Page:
I always felt great sympathy for Sara Keays. When a married man, and one who is holding high office plays away for twelve years with the same woman, it is reasonable to assume that his wife is not fulfilling his basic needs. Such a risk would only be worth if a great attachment had been formed, dare I say it something like love and even trust of a kind. Basically such women are servicing a marriage for the convenience of the partners. who were “having their cake” etc. But there is no such thing as a free dinner. Sara Keays conceived a child with Cecil Parkinson the man she loved and at first it seemed all the world might love a lover. Promises were made which on reflection were honest a true, these were shared, the child would be loved and take his or her place in the tangled world. But wait! Political careers were at stake what had seemed inevitable did not happen . We had the gospel according to Margaret Thatcher, I suspect this was not her finest hour. What a trail of tragedy resonates down the years. How ironic that a good and talented politician should be remembered for this . Hindsight is a fine thing, Cecil was a nice man and a loyal friend but flawed. There will be a very grand memorial service and fine words will be spoken, tears will be shed large black hats will be worn, but who will spare a thought for Sara Keays and her daughter . She has coped with a terrible tragedy alone, a child who is damaged, with no father to fight for her ,ill-starred lovers indeed. But little Flora was not a child of our times but one of an era steeped in hypocrisy. Twenty years later I think things would have gone very differently, Sarah Keays was brave to think she could buck the system, she underestimated the vulnerability of a man who has achieved high office from humble beginnings and will in the end sacrifice a promise for the status quo, at any cost?
This afternoon I finished the epilogue for my book Summers Grace, The Sainted one read it aloud to the recumbent males in his book at bedtime voice and handed it back with one word said in a low voice, “ yes” I don’t know he meant because I was blinded by tears , of course I thought it was superb but who knows what everyone else will think? That will be revealed in due course. Meanwhile it was a bad time to expect a reaction because it was nearing feeding time at the zoo. It is all about stomachs, I wonder if the awful adaptation of War and Peace where a lot of people have empty stomachs will include these important details from the “authentic” on TV again tomorrow but then we are told they have “ removed the boring bits and “ sexed” it up with some cheesy incest”. This I read in the Spectator, I really do not know what has come over them. Is there bit of nepotism going on there? They already quoted the remark that it was like up market Downton Abbey last week I don’t know where Tolstoy is buried but he would not be happy about this…… how about new version of the bible with all the boring bits removed ????? eg the feeding of the five thousand the loaves a fishes etc, let’s get a quote for the weird Archbishop Welby on this we should be making it into a sitcom set in Croydon, or better still Sloane Square the BBC would love that.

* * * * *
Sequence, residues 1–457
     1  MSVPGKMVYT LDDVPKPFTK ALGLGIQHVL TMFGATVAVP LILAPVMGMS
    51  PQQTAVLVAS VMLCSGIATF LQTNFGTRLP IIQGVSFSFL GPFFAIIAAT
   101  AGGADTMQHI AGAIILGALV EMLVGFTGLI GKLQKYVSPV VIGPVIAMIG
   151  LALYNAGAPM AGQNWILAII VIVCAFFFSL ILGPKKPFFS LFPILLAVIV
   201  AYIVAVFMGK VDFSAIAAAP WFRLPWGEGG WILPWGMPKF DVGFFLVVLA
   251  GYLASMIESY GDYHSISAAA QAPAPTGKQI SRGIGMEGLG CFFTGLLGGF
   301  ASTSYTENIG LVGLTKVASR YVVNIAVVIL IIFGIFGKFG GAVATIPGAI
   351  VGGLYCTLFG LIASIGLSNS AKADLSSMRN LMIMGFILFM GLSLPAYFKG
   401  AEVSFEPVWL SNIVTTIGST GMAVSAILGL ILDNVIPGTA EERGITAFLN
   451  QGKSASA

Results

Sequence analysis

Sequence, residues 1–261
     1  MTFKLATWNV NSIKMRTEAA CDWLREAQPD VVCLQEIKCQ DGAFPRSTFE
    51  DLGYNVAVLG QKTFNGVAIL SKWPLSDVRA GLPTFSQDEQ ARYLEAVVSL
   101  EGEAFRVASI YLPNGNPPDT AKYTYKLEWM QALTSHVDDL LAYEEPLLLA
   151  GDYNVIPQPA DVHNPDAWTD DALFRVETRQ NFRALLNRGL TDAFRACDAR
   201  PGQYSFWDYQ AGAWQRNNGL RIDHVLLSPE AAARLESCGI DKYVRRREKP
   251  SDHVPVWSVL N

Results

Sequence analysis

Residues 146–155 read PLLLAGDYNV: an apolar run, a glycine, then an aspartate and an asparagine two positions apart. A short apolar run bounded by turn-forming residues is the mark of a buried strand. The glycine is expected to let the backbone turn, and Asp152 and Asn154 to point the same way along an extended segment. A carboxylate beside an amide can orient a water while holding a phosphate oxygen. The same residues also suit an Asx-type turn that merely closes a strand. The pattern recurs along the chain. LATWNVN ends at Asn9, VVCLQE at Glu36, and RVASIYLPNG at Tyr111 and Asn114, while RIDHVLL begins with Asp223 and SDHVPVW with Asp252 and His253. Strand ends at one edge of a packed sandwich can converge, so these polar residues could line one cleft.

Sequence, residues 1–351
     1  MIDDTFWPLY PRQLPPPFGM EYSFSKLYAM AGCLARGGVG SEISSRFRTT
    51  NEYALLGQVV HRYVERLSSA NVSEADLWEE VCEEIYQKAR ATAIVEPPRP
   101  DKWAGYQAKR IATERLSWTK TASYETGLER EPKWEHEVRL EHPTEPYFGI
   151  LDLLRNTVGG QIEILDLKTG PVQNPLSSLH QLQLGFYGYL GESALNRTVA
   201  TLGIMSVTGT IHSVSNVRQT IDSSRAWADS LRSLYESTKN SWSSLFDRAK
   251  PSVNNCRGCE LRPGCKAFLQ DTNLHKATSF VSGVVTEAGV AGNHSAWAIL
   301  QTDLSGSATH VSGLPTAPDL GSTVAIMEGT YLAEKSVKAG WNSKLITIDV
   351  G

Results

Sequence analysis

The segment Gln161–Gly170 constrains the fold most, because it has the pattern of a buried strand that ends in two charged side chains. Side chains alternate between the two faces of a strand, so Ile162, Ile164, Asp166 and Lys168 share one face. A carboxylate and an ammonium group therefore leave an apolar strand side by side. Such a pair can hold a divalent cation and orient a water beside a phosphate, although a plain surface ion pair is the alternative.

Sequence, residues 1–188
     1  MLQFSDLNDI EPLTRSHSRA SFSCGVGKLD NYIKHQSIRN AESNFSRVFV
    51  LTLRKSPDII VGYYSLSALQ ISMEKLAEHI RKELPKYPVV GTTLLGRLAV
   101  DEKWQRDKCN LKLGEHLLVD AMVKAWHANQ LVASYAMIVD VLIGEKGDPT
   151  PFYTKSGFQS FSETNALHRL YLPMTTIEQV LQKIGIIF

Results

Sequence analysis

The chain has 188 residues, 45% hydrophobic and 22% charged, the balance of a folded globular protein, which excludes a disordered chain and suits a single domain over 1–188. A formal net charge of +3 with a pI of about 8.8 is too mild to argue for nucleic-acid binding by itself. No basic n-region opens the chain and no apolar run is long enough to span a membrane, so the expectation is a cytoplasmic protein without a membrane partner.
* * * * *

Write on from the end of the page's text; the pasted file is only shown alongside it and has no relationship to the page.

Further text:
The writers elbow is still volcanic with a hole in it, I complained to my doctor that I already had a number of orifices and this was one too many. He looked at me rather strangely. Give me the ballet any day everyone keeps their mouths shut as they did in the beautiful production of Le Corsaire at the Coliseum last night, except for the usual water gluggers of course, why is this?
Shock horror someone wake me from the nightmare. The Spectator hitherto thought by “moi” to be the seat of “ all there is to know and all that we need to know” (apologies to Keats of course ) has just printed a review of Andrew Davies garish, and moronic “ adaptation” aka massacre of War and Peace, the greatest literary masterpiece of all time, and the world’s best-selling book (apart from the Bible); in which James Dalinpole describes the awful rendition as up market Downton Abbey. He alludes to the content of the story presumably. War and Peace gives us a sweeping, brilliantly nuanced narrative of the world in turmoil prior to the awful events in Russia which eventually led up to the revolution , the idiocy of Napoleon, and a class divide which changed the map of Europe. I bet Lord Fellowes will be shocked by this, he would never presume to be on the same world stage as the supreme literary genius Tolstoy. Most people whom I regard as credible or literate will always remember when they first read the great book. The metaphors we see replayed in our humble lives, and political catastrophe on a daily basis are all in the page. Take the principle character Pierre in which Tolstoy shows us all the promise of a man awaiting his epiphany, Dalimore gives us a idiot with bad hair…… It is probably true that Hitler did not read it, one of his most awful endeavours would have then been avoided if he had he would have known, for example, that the early migration of birds was an indication of the brutal Russian Winter which comes overnight and takes no prisoners We will watch it anyway of course.
I still have writers elbow which looks like a scrotum, one of my cruel unsympathetic family laughed and chanted “ grandma’s only got one ball.” A bit tricky that , in the present climate of trans gender. Bollocks to that those pretend women will never know the joys of periods or birth pains or mastitis… well dare I say it that is all behind me…. whoops!!!!